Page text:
- Andrew Blum, design journalist and author of Tubes: A Journey to the Center of the Internet
- Greta Byrum, Co-Director, Digital Equity Lab
- Gregory Dietz, Co-Lead, Science Fiction Community and Program at SAP-Next Gen
- Melissa Reanne De La Cruz, Urban Intelligence / GPIA Alum and Researcher @ Bits and Atoms
- Selena Kimball, Visual Artist, Parsons Faculty
- Philipp Schmitt, MFADT student and alum of MIT’S Senseable City Lab
- Stephanie Wakefield, urban geographer and faculty at Lang College
We’ll organize you into thematic clusters – primarily for the sake of our guests, who can probably more comfortably endure five “acts” rather than 15 separate soliloquys. We’ll split the class into two groups, with three critics assigned to each. One group will meet in our regular classroom, and the other will meet in the Urban Lab @ UC 515 (or 79 5th Ave, 16th Floor, as a backup).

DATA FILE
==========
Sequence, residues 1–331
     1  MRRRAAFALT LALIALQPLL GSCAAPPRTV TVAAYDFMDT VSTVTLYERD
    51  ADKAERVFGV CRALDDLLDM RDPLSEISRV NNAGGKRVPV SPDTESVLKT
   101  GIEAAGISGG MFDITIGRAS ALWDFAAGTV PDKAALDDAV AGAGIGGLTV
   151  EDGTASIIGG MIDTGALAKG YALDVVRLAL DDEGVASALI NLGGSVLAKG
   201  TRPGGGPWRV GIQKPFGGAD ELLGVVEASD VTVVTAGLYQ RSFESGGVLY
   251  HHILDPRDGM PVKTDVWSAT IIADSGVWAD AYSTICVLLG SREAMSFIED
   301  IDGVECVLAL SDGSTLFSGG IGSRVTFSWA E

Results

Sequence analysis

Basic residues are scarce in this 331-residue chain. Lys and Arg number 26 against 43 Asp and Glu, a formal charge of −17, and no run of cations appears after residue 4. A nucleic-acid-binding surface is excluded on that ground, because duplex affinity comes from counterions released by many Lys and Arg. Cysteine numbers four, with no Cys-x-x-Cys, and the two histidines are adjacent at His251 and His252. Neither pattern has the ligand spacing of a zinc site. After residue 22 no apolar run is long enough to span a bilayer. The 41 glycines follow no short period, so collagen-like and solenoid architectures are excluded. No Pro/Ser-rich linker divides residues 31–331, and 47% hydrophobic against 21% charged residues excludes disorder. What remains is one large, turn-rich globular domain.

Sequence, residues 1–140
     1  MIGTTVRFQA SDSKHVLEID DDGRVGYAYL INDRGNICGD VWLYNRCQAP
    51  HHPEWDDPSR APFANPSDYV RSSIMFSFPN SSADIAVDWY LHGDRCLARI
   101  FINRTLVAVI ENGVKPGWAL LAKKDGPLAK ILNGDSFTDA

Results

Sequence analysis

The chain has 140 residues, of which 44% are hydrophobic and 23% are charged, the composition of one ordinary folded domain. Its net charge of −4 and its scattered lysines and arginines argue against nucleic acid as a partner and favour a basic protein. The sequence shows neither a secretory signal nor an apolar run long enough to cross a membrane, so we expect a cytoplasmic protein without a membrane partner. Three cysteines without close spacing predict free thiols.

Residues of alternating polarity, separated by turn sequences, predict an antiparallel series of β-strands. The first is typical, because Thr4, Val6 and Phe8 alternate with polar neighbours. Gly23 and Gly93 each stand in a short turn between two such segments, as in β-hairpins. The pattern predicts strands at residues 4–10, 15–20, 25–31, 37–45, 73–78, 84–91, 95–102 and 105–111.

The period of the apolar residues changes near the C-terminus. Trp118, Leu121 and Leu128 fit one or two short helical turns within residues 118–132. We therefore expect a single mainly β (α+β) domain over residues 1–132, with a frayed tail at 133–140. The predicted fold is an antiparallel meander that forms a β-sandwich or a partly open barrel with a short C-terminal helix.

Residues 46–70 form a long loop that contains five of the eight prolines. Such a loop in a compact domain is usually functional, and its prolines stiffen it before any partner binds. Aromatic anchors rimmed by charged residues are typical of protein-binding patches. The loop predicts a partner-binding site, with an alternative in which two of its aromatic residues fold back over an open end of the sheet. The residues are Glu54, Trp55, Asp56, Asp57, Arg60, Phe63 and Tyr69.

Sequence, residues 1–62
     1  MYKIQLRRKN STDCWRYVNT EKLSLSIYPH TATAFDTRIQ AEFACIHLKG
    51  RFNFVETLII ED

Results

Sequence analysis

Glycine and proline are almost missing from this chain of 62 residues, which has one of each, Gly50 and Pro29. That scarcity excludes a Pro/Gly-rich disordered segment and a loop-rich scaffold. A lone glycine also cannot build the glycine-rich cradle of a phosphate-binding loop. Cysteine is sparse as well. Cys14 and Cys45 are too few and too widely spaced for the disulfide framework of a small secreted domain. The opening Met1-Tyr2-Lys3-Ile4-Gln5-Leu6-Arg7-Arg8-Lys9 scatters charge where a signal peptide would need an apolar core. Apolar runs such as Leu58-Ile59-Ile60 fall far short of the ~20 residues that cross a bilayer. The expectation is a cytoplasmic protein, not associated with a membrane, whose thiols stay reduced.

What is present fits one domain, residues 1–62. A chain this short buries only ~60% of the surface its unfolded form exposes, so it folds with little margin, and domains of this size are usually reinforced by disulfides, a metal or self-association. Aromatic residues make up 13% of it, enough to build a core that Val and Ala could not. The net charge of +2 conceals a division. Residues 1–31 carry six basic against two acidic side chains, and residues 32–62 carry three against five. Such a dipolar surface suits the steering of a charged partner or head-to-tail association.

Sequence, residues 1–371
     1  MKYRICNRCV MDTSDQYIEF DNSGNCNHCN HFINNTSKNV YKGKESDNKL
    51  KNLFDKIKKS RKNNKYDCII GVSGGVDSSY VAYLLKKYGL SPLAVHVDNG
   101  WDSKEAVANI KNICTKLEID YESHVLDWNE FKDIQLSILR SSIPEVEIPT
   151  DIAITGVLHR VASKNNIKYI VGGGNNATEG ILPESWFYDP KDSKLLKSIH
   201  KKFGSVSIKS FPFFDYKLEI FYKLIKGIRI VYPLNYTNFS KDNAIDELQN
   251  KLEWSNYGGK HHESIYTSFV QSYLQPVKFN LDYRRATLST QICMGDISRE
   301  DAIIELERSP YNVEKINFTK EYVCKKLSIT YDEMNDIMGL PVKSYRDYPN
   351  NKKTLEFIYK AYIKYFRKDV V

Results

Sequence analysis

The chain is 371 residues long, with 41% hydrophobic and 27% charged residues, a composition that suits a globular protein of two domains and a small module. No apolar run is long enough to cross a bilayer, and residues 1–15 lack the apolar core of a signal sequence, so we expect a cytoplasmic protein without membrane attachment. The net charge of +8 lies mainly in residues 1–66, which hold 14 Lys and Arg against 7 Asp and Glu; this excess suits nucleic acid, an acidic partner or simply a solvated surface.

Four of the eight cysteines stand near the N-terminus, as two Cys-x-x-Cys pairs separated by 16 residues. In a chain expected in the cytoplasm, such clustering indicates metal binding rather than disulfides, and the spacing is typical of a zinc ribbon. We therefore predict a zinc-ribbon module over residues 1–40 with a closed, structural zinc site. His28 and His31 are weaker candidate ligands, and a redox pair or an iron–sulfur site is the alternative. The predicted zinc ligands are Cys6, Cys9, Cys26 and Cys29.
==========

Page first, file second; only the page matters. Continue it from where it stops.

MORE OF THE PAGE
We’ll prepare a collaborative slideshow on Google Slides in the week leading up to class. Each student will be allocated seven slides; you choose how to use them!
We’ll allocate 20 minutes to each of you. You should aim to present for no longer than seven or eight minutes, leaving plenty of time for feedback from your three guest critics.
Your primary agenda item is to share a “prototype” (or an intelligible outline, sketch, or model) of your final project, including each of its components. Ideally, you’d share a physical model or a comprehensive representation that conveys the material or conceptual form and “look + feel” of what you’ll ultimately submit at the end of the semester. Lead with “the thing” itself, so our visitors can quickly begin thinking concretely about your work, then provide some context: your conceptual foundation, your process, your timeline for development, etc. Consider what kind of feedback you want and need at this stage, and pose questions to solicit that input.
Image: Bucky Fuller @ Black Mountain College